In the world of football writing, there is nothing most publications seem to love more than a rankings list. And where fans were once only subjected to pointless top 10 lists that were at least relatively short, the current trend of creating top 100 lists has become a popular offseason past time for several outlets. Designed more to annoy than inform, these list often vary wildly depending upon the outlet and their agenda, while frequently contradicting themselves from year-to-year.
Having already inflicted a number of these list on the BTSC audience this offseason, it seems only fair that readers should suffer along with me after I was unlucky enough to read the latest offering from CBS on Tuesday by Pete Prisco.
A year removed from seeing five players named in his Top 100, the Pittsburgh Steelers are reduced to just two names in 2019 in Ben Roethlisberger and JuJu Smith-Schuster. And while that number would have been doubled if Le’Veon Bell and Antonio Brown were still a part of the roster, it appears that there is no room for David DeCastro and Cameron Heyward this time around like there was in 2018.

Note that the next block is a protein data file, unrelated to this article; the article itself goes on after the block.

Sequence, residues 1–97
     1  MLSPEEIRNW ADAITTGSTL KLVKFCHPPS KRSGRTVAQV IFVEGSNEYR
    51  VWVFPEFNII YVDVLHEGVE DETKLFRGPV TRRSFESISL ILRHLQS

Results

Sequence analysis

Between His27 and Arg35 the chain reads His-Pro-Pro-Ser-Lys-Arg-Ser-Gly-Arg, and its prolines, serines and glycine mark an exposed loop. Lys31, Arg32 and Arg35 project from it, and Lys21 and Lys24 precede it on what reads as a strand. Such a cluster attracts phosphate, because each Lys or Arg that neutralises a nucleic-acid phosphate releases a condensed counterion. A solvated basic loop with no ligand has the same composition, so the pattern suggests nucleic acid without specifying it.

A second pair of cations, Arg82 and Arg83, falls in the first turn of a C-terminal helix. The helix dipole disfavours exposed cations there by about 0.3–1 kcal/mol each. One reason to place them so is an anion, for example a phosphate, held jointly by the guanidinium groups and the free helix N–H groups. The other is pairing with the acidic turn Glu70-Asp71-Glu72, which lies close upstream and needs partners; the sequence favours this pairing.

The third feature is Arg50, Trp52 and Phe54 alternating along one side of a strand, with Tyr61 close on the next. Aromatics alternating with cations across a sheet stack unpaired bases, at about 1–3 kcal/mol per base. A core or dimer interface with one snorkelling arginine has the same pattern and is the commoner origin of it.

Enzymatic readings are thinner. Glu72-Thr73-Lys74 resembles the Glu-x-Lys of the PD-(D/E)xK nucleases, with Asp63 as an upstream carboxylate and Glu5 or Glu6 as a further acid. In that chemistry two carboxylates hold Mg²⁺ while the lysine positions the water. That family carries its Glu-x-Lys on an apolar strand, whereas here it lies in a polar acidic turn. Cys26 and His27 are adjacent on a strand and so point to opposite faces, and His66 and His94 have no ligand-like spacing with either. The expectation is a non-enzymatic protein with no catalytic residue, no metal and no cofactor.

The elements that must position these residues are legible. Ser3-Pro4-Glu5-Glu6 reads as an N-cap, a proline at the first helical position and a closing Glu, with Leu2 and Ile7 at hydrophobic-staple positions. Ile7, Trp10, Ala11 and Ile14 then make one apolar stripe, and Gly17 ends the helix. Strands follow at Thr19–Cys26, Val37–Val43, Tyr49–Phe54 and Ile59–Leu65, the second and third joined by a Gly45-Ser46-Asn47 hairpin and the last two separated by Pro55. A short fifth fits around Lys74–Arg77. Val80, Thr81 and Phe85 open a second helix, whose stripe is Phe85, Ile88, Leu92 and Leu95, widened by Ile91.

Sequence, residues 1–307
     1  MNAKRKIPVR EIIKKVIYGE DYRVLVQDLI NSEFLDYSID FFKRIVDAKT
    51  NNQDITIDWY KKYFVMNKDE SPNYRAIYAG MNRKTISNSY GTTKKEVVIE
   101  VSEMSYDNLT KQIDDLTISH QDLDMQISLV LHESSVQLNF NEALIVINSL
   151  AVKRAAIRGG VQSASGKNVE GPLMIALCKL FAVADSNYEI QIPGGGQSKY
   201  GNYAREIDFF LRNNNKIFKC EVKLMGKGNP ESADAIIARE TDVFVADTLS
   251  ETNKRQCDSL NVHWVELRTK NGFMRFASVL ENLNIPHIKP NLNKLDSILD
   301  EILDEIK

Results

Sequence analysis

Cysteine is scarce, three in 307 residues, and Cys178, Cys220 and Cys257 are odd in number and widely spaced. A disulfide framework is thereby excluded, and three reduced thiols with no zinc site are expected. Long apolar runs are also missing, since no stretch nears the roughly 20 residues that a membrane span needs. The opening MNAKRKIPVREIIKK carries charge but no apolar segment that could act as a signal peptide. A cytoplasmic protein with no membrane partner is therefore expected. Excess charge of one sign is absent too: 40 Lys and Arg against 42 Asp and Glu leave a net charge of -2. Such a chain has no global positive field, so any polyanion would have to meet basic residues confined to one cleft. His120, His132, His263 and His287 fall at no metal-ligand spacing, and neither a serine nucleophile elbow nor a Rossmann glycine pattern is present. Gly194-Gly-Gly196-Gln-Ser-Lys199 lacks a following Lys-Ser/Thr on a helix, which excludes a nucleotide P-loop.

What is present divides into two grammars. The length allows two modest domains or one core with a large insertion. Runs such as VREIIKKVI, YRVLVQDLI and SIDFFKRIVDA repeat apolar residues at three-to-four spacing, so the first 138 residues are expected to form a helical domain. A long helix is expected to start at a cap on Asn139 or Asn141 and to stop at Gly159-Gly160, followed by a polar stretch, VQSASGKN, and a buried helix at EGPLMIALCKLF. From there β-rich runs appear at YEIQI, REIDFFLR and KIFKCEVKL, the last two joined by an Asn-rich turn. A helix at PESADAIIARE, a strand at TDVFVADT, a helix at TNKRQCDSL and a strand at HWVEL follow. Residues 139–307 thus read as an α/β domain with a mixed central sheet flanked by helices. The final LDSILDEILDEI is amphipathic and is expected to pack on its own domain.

Smith-Schuster is the highest of the two Steelers’ players on the list, coming in at No.45 overall and ranked behind seven other receivers including Brown at No.15. Prisco providing some insightful commentary to accompany his thought process.
JuJu Smith-Schuster - PITTSBURGH STEELERS WR
“He’s now the Steelers’ No. 1 receiver, which will bring on my more scrutiny. I say he handles it well.”
Roethlisberger comes in at No.63 overall, ranked behind eight other quarterbacks and accompanied by a similar level of groundbreaking opinion to explain why he is in exactly the same spot as he was last year despite having led the league in passing in 2018.
Ben Roethlisberger - PITTSBURGH STEELERS QB
“He’s a little lower on this list than some might expect, but he is still capable of carrying the Steelers to a Super Bowl.”
It is difficult to understand what DeCastro did so wrong last season to drop all the way from No.38 to outside the top 100 in 2019. Presumably being part of one of the NFL’s best offensive lines and earning another trip to the Pro Bowl somehow worked against him this time.
Having come in at No.84 after a 12 sacks season in 2018, it is perhaps less surprising to see Heyward outside the top 100 in 2019 following an eight sack year. But those who watched the defensive lineman play would appreciate that he should have been far higher last year and should also have been included this season. How the Los Angeles Chargers ended up with eight players on this list I will never understand.